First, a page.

US-based medical genetics company Invitae has unveiled Invitae Discover, a clinical research platform designed to leverage Apple Watch’s biometric data to better understand the genetic causes of disease.

In relation with the American Heart Association’s Scientific Sessions on genetic screening in familial hypercholesterolemia, Invitae intends to start the first study using the platform to evaluate genetics in cardiovascular disease.

Invitae chief medical officer Robert Nussbaum said: “The creation of the Invitae Discover platform will make it easier to conduct studies that assess genetic test results alongside the biometric data that is now easily available on Apple Watch, thereby joining basic electrophysiological data with genetic information in order to advance our understanding of the genetic underpinnings of disease and help improve clinical care.

“Our first study on the platform is designed to determine the contribution of certain genetic variants to clinical presentations of atrial fibrillation and other cardiovascular conditions associated with abnormal heart rhythms, as well as to improve the interpretation of genetic testing results.”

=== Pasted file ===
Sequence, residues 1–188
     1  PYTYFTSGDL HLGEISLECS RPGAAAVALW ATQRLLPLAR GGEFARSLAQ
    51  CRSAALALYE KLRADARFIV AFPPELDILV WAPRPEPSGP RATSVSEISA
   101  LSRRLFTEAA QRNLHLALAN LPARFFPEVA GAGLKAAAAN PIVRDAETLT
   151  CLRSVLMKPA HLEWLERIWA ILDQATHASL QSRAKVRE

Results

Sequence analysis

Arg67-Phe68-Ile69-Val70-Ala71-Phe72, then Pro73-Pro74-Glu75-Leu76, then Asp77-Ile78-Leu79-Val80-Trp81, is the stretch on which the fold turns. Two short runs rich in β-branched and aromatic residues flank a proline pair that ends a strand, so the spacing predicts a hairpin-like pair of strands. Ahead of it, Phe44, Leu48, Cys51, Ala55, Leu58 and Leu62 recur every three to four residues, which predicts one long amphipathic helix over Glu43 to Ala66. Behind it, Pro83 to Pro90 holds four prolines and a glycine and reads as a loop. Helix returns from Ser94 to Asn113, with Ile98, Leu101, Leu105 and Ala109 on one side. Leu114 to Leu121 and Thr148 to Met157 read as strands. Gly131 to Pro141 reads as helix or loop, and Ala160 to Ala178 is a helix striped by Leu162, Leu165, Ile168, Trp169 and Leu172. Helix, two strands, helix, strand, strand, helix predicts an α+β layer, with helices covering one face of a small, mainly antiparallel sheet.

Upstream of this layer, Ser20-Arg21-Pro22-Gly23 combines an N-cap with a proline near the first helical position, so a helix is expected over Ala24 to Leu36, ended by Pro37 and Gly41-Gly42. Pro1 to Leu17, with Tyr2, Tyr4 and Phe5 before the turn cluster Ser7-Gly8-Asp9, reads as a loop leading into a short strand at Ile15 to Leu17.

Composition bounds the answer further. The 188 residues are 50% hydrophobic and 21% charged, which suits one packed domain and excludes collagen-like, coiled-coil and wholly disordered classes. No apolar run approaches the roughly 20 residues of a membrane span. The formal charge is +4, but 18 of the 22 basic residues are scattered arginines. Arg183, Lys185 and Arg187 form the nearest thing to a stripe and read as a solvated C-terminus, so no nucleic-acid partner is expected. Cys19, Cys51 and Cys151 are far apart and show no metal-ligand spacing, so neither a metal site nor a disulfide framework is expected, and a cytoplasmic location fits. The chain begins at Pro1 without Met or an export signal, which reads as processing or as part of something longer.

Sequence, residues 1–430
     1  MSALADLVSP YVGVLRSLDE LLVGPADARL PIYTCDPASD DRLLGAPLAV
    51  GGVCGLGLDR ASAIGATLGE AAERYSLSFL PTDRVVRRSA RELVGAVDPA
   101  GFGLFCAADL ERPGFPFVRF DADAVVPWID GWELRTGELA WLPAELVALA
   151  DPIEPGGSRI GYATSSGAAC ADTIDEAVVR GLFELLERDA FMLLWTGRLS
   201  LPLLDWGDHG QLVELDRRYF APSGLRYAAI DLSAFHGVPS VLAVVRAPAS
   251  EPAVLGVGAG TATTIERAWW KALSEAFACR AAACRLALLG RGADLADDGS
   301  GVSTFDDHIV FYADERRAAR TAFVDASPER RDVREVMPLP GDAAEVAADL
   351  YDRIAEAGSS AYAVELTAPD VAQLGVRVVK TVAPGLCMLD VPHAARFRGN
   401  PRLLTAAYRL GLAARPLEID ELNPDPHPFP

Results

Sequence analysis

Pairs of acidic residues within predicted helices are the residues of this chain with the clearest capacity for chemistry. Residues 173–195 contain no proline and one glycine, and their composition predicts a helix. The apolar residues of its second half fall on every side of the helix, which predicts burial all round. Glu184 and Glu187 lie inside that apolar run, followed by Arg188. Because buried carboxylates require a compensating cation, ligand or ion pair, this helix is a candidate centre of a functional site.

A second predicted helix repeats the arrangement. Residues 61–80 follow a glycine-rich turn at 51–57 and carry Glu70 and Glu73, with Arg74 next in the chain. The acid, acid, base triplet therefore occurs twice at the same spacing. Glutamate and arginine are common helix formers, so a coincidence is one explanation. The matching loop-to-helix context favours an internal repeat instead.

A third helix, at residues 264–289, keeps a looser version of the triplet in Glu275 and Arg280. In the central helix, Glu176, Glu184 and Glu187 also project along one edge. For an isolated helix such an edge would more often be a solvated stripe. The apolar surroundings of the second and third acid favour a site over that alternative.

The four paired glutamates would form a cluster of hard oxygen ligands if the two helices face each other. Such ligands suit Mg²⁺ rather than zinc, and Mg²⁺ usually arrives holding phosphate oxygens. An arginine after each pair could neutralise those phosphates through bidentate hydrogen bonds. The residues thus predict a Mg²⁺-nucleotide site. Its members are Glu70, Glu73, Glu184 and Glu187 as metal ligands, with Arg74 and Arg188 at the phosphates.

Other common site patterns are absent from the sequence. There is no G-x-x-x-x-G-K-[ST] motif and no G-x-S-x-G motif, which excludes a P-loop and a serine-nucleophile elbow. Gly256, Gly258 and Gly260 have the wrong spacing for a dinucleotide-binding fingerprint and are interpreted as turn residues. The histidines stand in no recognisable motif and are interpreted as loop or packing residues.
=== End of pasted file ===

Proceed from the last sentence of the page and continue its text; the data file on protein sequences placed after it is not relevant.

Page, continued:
Institutional Review Board (IRB) supervise the study to be conducted

Afib CAUSE, the first study on Invitae Discover, will combine health and activity data from Apple HealthKit with clinical genetic testing results, in patients enrolled through the Invitae Discover app, which is available on the Apple app store.

The company said that the Afib CAUSE study is enrolling US residents aged 18 years or older and the criteria for enrolment can be accessed through the Invitae Discover app.

The study is not only intended to evaluate the known genetic variants but also to specifically assess the biometric data for patients whose genetic testing included variants of uncertain significance (VUS).

It is aimed at building preliminary data for improved variant classification and, providing evidence to support the resolution.

Invitae claims that it is aimed at bringing broad range of genetic information into mainstream medicine, and to aggregate the world’s genetic tests into a single service to improve healthcare for people through high quality, less time, and lower price.